Last year Chinese solar giant Suntech revealed that it may been the victim of a €560 million ($730 million) fraud allegedly perpetuated by its partner in a European joint venture called Global Solar Fund (GSF). Today, Suntech announced it had settled litigation against the partner—by acquiring his stake in GSF.
It was just the latest strange twist in a week that so far has seen the photovoltaic panel maker’s board of directors fire Suntech’s founder as executive chairman just days before the company must make a $541 million payment on convertible notes. Suntech faces bankruptcy unless a deal can be struck with bondholders or the Chinese government. The founder, Zhengrong Shi, meanwhile, has refused to step down, calling his removal “invalid.”
The GSF scandal has played a key role in Suntech’s fall from the world’s biggest solar panel manufacturer to a company struggling to survive under the weight of $2 billion in debt. Suntech’s fate after the notes come due on March 15 will in all likelihood signal whether the Chinese government plans to bail out its solar industry, home to 80% of the world’s photovoltaic manufacturing capacity, or allows other companies burdened by debt to collapse as well.
The rapid expansion of photovoltaic manufacturing in China helped drive a 75% fall in panel prices over the past three years, unleashing a solar building boom in the US and Europe. The failure of Suntech or other big Chinese solar companies would have a global impact on panel prices and supply, potentially leaving developers and installers liable for hundreds of millions of dollars in warranties.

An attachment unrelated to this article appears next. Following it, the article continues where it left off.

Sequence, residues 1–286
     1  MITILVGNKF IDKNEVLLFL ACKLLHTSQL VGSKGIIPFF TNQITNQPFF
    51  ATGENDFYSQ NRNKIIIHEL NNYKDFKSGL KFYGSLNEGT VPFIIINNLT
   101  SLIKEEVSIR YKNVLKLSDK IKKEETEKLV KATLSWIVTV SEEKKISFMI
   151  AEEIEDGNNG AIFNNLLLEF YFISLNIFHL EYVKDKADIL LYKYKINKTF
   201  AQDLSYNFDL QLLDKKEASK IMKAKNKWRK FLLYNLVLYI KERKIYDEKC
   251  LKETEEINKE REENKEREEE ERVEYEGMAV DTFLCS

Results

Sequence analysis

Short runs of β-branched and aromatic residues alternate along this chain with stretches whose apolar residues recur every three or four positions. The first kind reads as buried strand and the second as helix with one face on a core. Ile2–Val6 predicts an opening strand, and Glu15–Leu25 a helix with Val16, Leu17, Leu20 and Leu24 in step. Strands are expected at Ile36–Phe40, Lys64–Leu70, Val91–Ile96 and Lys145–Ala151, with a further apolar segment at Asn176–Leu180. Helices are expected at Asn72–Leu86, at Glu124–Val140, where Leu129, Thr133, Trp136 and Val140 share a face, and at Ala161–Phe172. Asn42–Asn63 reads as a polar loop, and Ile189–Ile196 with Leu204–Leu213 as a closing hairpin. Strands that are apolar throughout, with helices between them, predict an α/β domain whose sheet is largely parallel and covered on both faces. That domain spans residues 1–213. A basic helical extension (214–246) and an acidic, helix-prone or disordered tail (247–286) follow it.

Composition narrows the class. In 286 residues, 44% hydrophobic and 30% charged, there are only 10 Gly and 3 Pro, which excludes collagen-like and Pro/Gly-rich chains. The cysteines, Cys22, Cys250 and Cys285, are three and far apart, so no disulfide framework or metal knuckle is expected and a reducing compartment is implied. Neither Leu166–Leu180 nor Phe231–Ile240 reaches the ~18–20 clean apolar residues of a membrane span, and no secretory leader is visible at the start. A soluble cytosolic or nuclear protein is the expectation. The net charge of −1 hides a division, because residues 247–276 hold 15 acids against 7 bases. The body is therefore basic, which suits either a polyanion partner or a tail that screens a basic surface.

The GSF saga is worthy of a corporate thriller and it remains to be seen if today’s settlement will clear the way for Suntech to move on, or whether it raise even more doubts about the company’s management and strategy.
The story began in 2008 when Suntech formed GSF with a former associate named Javier Romero to invest in European developers that would deploy Suntech photovoltaic panels. Suntech took an 80% stake in the venture while Shi and an entity Romero controlled called GSF Capital took 10% each. Suntech and Shi together invested $228 million into GSF. Shi and Suntech’s chief technology officer, Stuart Wenham, served on GSF’s board of managers and held half of the votes
To finance the solar projects, Suntech guaranteed a €554 million ($721 million) credit line from the government-run China Development Bank. Romero’s CSF Capital in turn pledged €560 million ($730 million) in German bonds as security for Suntech’s guarantee.
The partnership proved profitable for Suntech. The company sold $346.8 million in solar panels to GSF’s portfolio companies between 2009 and 2011. In 2009 alone, those sales accounted for about 7% of Suntech’s total revenues.
Then last July Suntech held a press conference to announce that while performing due diligence for a possible sale of GSF it discovered that those German bonds may have never existed.
The story took another twist when prosecutors in Brindisi, Italy, charged GSF employees with fraud related to the construction of solar power plants that received government subsidies, and seized some of the projects.
Now Suntech apparently has decided to extricate itself from the GSF debacle as quickly as possible.
“The settlement does not involve an admission of liability on the part of GSF Capital or Mr. Romero,” Suntech said in a statement today.
Suntech remains liable for the China Development Bank guarantee but the settlement clears the way for a sale of GSF to raise cash. The company said, however, in a November 2012 presentation to bondholders that it was uncertain “when GSF may be able to be monetized and at what price.”